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What Is an Adjustment Bond?

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  • Written By: Malcolm Tatum
  • Edited By: Bronwyn Harris
  • Last Modified Date: 23 November 2016
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    2003-2016
    Conjecture Corporation
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An adjustment bond is a type of bond issue that is often issued when a business is attempting to remain operational by using some type of bankruptcy protection. As part of the strategy, restructuring all the debt of the business, including any outstanding bond issues, becomes necessary. The adjustment essentially serves as the cumulative repository for all funds owed to investors on current bond issues, making it possible for the business to engage in recapitalization of the bonds before proceeding with the overall debt restructuring that is part of the bankruptcy proceedings.

It is not unusual for an adjustment bond strategy to be used when a company is seeking protection from it creditors through the courts. This is especially true with what is known as a Chapter 11 bankruptcy, which serves as a debt reorganization. Here, the court works with the company to create a schedule for repayment that is within the ability of the company to manage. When an adjustment bond is created to cover all outstanding bond issues, this means that investors may not receive returns according to the original schedule, but they will receive timely interest payments and eventually recover all the principal invested.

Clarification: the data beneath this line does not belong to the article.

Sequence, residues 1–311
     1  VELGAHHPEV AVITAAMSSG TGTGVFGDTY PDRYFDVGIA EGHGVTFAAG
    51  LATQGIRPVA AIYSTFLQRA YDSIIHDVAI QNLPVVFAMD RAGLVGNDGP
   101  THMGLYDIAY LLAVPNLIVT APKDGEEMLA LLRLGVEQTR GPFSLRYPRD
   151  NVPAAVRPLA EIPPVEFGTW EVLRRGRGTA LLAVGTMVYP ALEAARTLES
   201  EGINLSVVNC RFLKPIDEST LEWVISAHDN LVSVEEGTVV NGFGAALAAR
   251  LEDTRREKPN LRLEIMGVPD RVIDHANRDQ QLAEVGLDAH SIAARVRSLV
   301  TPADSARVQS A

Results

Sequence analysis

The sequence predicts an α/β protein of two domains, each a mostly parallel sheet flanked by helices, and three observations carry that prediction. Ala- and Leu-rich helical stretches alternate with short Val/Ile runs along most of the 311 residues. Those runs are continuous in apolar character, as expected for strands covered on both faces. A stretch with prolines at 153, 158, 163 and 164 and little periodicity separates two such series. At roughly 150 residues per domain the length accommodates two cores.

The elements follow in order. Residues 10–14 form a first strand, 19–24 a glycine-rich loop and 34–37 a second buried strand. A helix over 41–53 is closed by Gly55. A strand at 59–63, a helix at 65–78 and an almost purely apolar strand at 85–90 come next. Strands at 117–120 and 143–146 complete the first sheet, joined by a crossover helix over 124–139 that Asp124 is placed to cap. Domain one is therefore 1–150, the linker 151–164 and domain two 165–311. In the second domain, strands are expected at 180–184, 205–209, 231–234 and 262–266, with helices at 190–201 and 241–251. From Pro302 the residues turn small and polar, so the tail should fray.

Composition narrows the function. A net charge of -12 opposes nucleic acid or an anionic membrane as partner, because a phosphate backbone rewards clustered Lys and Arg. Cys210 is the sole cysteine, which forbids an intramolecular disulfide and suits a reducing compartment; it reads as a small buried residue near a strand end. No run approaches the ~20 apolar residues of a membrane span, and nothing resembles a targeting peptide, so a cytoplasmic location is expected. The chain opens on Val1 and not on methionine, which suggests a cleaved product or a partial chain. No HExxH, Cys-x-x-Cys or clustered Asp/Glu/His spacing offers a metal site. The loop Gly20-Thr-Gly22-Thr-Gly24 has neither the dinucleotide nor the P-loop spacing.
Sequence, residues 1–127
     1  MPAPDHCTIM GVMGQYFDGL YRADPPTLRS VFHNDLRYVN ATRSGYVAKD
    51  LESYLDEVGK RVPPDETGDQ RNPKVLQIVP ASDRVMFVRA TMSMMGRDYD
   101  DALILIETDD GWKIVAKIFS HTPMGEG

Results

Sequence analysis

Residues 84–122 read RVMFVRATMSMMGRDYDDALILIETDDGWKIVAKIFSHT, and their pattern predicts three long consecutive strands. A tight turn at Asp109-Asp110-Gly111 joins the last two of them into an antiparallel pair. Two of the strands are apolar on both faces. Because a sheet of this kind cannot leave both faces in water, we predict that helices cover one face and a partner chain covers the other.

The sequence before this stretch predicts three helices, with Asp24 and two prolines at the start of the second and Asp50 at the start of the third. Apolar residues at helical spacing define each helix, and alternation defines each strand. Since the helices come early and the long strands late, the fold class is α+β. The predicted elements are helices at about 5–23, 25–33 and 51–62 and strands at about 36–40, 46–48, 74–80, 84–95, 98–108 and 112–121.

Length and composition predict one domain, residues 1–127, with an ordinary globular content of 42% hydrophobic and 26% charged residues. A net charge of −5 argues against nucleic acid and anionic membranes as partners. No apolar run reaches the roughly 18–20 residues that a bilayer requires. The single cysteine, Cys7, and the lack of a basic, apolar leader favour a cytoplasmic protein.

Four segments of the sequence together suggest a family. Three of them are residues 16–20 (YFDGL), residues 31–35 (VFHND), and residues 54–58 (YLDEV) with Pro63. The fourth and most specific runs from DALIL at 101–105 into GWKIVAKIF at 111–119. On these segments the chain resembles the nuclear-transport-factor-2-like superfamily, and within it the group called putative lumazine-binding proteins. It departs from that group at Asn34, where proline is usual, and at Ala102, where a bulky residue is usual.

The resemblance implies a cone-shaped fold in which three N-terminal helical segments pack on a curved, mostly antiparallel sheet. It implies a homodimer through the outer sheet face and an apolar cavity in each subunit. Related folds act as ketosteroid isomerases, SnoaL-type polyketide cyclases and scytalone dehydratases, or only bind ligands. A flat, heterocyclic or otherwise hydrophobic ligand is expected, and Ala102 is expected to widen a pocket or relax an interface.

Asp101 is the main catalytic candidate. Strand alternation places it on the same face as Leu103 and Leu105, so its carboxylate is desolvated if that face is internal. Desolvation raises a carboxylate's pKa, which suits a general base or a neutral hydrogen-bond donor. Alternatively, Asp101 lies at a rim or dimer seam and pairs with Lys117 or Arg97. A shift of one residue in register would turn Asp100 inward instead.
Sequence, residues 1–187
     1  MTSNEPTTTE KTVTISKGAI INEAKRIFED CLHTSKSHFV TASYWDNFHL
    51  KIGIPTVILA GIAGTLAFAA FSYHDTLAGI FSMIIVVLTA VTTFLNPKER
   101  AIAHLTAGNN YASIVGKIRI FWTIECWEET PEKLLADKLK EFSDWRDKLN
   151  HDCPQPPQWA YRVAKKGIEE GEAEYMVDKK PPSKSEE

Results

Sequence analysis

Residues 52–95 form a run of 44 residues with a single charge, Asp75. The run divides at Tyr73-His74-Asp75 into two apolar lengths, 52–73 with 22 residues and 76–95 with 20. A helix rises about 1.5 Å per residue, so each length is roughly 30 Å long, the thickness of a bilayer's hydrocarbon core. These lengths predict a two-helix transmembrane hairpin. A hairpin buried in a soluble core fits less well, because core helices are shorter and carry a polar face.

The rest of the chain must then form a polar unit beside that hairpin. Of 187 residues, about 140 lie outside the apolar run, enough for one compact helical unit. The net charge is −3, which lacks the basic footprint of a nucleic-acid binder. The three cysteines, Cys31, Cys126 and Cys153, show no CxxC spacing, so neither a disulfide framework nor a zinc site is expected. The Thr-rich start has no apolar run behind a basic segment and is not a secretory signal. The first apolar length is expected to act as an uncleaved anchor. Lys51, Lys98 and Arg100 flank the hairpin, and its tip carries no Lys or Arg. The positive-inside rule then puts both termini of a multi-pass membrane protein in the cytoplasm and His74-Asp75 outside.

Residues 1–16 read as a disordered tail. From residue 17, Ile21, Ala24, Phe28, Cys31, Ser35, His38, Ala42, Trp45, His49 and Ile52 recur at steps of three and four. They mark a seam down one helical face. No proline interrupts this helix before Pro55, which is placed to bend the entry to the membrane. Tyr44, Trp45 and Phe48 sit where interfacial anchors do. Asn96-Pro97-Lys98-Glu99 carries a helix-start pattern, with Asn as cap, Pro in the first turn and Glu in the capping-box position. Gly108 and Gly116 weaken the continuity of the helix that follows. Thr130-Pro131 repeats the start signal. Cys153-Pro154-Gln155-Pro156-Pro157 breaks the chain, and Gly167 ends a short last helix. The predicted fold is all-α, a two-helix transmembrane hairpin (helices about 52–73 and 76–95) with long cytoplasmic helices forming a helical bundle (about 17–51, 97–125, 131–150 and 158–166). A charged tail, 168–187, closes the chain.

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The use of an adjustment bond is actually to the benefit of investors with an interest in the bonds issued by the company seeking bankruptcy protection. When the purpose of the protection is to all the company the chance to reorganize the operation so that it can meet its debts, bundling all the outstanding bonds under one central umbrella means that investors are far more likely to ultimately receive all the returns they anticipated, or at least a majority of those returns. By contrast, if the courts deemed that the company was not able to pay its debts and ordered the liquidation of assets to settle debt, the investors would likely realize much less from the bonds.

By issuing an adjustment bond, the financially troubled company is taking a step to ensure that ultimately all bondholders do receive returns on the investment. Since the schedule for repayment will be determined by the courts and will take into consideration all the repayment terms associated with the individual bonds that are rolled under the umbrella of the adjustment bond, there is a good chance that some changes in the repayment terms will be implemented. Even allowing for those changes, the odds of receiving all or most of the anticipated benefits from investing in the bond are much better than if the company were forced into liquidation and the courts only allowed payments that amount to a small percentage of the total investment in the bond issues.

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